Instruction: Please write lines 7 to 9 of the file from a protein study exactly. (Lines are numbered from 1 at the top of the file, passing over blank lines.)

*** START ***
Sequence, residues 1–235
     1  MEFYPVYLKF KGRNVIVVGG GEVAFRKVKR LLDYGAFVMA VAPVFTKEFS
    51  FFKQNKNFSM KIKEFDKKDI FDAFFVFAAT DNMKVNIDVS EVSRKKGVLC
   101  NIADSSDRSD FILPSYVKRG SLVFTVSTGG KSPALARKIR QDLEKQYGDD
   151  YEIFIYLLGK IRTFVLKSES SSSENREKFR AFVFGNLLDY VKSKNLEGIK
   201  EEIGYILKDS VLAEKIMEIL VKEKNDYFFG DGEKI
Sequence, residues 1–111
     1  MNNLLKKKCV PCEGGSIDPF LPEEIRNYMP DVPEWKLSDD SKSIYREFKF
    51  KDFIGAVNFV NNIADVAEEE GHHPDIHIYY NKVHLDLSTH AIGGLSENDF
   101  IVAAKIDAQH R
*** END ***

Sequence, residues 1–111
     1  MNNLLKKKCV PCEGGSIDPF LPEEIRNYMP DVPEWKLSDD SKSIYREFKF
    51  KDFIGAVNFV NNIADVAEEE GHHPDIHIYY NKVHLDLSTH AIGGLSENDF